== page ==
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NSF funding will support five graduate traineeships

By Lynn Nystrom

Spectrum Volume 17 Issue 18 - February 2, 1995

The National Science Foundation (NSF) has announced it intends to fund five Graduate Research Traineeships in Civil Infrastructure Systems at Virginia Tech at a total value of more than one-half-million dollars.

The nation's infrastructure is composed of bridges, buildings, pavements, waterway networks, and water, sewage, and electrical distribution systems. These structures are "aging to the point where major repair, rehabilitation, and replacements are imminently necessary," says Richard Weyers, director of Virginia Tech's Center for Infrastructure Assessment and Management.

"For example, approximately 40 percent of the 570,000 bridges on the Federal Aid Network are structurally deficient or functionally obsolete. Present replacement costs are estimated at more than $150 billion," he said.

The assessment of the existing components of the nation's infrastructure is a "very difficult task," Weyers reports. Most of the deterioration takes place internally on a microscopic level. To identify a problem inside a concrete-steel bridge, for example, requires what engineers call non-invasive testing.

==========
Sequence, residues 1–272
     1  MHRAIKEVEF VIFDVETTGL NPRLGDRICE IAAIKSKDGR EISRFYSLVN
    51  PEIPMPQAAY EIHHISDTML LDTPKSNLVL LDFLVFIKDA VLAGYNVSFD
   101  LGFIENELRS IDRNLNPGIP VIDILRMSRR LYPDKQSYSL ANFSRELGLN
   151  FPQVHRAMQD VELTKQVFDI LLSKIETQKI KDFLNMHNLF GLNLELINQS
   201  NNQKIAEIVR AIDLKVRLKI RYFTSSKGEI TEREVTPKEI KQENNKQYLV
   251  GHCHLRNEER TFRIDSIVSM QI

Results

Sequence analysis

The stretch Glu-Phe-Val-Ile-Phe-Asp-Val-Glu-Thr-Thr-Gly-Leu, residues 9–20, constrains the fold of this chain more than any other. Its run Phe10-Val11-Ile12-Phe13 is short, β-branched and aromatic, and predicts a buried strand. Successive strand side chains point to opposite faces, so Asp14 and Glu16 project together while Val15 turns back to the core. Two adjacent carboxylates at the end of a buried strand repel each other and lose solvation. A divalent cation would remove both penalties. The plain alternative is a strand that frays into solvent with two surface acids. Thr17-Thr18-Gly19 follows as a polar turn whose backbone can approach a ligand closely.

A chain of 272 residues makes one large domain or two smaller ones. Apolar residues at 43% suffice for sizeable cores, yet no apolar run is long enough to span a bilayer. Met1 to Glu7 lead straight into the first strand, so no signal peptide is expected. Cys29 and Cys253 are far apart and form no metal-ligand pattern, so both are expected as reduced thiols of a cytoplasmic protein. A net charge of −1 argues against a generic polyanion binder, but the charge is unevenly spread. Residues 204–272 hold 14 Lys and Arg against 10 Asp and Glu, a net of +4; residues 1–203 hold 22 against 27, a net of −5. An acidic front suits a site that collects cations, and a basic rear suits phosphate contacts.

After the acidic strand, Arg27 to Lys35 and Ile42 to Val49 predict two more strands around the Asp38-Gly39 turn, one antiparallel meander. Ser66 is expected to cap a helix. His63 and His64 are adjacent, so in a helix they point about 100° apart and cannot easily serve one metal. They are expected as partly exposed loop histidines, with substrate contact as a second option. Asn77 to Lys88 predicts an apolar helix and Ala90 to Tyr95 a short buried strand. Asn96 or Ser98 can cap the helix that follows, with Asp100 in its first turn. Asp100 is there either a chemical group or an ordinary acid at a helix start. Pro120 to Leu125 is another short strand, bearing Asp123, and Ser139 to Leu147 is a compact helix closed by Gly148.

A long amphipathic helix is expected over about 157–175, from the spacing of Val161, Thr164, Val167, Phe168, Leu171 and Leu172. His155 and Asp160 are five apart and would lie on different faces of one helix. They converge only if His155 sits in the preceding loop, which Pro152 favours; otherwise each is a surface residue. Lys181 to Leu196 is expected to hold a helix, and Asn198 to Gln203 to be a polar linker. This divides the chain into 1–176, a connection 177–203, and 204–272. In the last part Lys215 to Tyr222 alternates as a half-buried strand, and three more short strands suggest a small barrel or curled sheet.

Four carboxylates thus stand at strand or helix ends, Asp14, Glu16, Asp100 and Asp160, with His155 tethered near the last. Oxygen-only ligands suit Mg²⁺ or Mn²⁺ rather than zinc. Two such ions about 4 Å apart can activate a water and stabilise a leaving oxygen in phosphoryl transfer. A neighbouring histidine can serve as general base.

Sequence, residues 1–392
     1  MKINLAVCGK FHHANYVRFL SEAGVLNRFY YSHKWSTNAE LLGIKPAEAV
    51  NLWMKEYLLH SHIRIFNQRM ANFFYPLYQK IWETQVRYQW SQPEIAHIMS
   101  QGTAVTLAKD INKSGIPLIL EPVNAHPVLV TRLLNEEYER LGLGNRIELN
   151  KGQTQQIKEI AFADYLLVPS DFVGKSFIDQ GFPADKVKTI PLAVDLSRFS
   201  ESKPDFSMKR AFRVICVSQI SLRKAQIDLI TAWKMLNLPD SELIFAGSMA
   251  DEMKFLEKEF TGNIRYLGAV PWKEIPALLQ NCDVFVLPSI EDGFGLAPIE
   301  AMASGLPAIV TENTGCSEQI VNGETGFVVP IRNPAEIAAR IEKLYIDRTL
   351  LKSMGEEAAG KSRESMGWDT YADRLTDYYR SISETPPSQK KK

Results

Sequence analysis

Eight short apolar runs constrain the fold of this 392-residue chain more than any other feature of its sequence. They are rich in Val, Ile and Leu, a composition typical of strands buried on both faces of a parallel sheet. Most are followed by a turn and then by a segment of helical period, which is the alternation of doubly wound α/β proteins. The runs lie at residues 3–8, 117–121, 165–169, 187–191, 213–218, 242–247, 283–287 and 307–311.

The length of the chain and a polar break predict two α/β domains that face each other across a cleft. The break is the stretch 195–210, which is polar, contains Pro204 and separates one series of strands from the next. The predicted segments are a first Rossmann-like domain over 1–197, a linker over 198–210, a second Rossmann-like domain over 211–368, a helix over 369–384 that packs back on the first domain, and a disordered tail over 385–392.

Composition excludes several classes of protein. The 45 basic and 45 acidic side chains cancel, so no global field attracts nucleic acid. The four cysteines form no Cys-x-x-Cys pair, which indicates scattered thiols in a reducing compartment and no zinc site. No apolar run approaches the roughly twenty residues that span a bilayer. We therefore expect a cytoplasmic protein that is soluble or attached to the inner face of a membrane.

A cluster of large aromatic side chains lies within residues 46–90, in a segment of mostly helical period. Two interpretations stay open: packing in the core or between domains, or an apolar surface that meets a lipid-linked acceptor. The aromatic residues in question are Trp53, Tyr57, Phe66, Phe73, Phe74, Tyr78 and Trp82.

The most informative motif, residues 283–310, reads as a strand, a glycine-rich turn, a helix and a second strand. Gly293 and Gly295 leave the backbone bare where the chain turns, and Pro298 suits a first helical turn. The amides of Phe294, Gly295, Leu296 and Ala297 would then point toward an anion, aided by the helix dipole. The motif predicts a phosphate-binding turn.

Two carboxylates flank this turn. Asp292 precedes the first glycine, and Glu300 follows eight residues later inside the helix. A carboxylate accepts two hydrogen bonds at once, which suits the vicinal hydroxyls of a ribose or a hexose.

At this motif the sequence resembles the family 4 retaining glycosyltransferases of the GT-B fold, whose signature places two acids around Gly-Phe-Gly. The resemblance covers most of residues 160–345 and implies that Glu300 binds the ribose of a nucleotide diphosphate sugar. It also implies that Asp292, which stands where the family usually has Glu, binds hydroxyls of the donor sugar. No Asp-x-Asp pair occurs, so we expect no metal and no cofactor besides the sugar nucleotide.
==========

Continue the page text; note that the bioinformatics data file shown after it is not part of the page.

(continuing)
In a sense, non-invasive testing could be compared to x-raying a part of the anatomy to determine if there is a medical problem inside the body. However, with structures, the non-invasive testing is more difficult because of the volume of material to be tested.

As engineers build new structures and design replacements for failing components, new technology will allow the inclusion of health-monitoring systems to be placed inside the facility.

Educating students who are adept in using non-invasive evaluation methods and who will be responsible for developing future monitoring systems will be the purpose of the NSF grant.

Weyers explains that these students will need expertise in material science, non-destructive testing, structural mechanics, construction engineering and management, and sensor and control-activator technologies. To gain this breadth of knowledge, Weyers' center is working with several other Virginia Tech centers: the Center for Composite Materials and Structures, the Center for Intelligent Materials Systems and Structures, and the Fiber and Electro-Optics Research Center.

The NSF Fellowship will be for a five-year, master's through doctorate, interdisciplinary graduate research traineeship program. Each traineeship will have a five-year total value of approximately $110,000 per student. The traineeship is limited to U.S. citizens

Participating faculty members will develop a core-course curriculum that will complement the interdisciplinary nature of the five research centers.

For more information on the traineeships, contact Richard Weyers, Via Department of Civil Engineering, Patton Hall, Virginia Tech, Blacksburg, Va. 24061. The fax number is 1-7532. E-mail is rweyers@vtvm1.cc.vt.edu.